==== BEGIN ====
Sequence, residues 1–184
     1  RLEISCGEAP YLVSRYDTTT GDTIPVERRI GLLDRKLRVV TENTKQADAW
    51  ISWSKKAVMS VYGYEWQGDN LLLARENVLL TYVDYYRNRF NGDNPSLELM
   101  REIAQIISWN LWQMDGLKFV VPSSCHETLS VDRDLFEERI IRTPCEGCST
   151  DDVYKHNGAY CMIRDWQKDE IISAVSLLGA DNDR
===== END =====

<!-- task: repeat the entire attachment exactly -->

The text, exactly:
Sequence, residues 1–184
     1  RLEISCGEAP YLVSRYDTTT GDTIPVERRI GLLDRKLRVV TENTKQADAW
    51  ISWSKKAVMS VYGYEWQGDN LLLARENVLL TYVDYYRNRF NGDNPSLELM
   101  REIAQIISWN LWQMDGLKFV VPSSCHETLS VDRDLFEERI IRTPCEGCST
   151  DDVYKHNGAY CMIRDWQKDE IISAVSLLGA DNDR